Among them, three older females and a four-year-old male.
Barcelona Zoo has announced that four lions have tested positive for COVID-19. Among them, three females and one male.
The animals were reportedly tested in November after showing mild symptoms similar to flu. Two zookeepers also tested positive for the virus, but Spanish veterinary authorities are looking further into how the lions became infected.
The three 16-year-old females are called Zala, Nima and Run Run, and the younger male, Kiumbe, is only four years old. So far, they are doing much better after receiving care and anti-inflammatory treatment.
The only other zoo where big cats are known to have contracted COVID-19 is the Bronx Zoo in New York, where four tigers and three lions became ill in April. Barcelona zoo officials are working closely with international experts in Europe and the Bronx Zoo to make sure the rest of the animals are safe and this doesn’t happen again in future.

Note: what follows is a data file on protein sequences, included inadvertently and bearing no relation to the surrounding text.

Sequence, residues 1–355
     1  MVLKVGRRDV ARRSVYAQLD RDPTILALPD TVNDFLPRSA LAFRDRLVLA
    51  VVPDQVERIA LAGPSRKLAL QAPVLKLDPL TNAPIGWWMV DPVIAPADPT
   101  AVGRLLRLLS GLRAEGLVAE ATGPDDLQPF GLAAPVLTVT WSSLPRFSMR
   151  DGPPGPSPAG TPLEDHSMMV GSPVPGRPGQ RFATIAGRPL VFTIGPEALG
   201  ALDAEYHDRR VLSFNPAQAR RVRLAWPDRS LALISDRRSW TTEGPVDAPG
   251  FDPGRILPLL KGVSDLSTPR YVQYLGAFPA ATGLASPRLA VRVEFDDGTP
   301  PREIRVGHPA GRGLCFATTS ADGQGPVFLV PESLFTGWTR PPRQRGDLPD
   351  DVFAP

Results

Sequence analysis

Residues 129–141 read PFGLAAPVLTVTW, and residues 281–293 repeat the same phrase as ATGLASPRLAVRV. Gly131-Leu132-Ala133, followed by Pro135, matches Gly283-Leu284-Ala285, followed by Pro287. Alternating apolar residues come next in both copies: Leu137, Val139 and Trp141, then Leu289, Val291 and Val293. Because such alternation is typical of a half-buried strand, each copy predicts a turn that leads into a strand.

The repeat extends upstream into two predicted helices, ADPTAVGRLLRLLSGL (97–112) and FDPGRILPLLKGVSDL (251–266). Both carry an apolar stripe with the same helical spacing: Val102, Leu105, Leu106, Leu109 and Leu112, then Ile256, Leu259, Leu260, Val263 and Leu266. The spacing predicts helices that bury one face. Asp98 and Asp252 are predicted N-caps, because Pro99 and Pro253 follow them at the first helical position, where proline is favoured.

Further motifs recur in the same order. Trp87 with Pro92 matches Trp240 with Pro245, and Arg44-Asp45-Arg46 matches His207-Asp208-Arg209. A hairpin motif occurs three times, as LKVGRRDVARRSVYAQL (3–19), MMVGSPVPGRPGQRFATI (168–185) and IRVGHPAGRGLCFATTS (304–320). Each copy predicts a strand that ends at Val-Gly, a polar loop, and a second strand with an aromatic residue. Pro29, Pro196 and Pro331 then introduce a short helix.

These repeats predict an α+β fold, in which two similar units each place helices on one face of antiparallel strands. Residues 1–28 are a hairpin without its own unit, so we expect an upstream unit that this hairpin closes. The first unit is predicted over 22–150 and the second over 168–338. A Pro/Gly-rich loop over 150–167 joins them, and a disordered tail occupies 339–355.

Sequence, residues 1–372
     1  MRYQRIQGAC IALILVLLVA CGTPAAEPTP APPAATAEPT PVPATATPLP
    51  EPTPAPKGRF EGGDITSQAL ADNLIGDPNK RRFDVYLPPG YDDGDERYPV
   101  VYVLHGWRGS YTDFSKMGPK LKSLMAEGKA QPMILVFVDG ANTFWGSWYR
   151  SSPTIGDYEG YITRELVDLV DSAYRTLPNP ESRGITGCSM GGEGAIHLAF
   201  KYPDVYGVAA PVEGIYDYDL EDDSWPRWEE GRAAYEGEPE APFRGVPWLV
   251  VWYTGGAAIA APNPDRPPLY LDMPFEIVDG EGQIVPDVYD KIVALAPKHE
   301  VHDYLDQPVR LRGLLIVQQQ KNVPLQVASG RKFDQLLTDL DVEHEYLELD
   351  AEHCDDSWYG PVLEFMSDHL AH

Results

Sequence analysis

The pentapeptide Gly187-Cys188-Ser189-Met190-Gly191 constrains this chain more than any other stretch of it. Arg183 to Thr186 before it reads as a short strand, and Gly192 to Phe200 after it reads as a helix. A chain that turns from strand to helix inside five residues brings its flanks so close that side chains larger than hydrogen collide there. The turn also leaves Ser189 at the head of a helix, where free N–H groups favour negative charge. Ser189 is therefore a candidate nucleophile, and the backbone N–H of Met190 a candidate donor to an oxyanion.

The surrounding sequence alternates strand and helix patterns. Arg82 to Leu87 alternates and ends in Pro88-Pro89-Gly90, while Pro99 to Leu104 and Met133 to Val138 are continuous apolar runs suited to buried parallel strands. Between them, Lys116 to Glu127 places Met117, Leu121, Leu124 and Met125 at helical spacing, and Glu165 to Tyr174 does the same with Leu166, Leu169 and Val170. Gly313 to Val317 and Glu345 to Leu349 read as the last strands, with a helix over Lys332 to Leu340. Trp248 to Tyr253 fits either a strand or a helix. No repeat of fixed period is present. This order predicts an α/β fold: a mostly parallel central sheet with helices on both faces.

“The lions were given veterinary care for their mild clinical condition - similar to a very mild flu condition - through anti-inflammatory treatment and close monitoring, and the animals responded well,” said the Barcelona Zoo in a statement.
Fortunately, the lions have had no contact with other animals at the enclosure, which is open to the public.
Are lions endangered?
The powerful and majestic creatures are currently listed as "Vulnerable" on the International Union for the Conservation of Nature (IUCN) Red List of Threatened Species. In West Africa, the species is now classified as "Critically Endangered”.
Lions are affected by factors like habitat loss, illegal wildlife trade and human conflict.
More specifically, African lion numbers have plummeted by over 40 per cent over the last three generations, due to a lack of living space and conflict with people, say WWF.
With only around 20,000 left in the wild, it is imperative that we save the big cats from becoming extinct.
Lions are top predators in their environments, from grasslands and open woodland to desert landscapes. This makes them crucial to maintaining a healthy balance of numbers among other animals, such as herbivores like zebra and wildebeest.
According to the WWF, by protecting a lion’s landscape, we are helping the whole area to thrive, which benefits the people who rely on local natural resources too.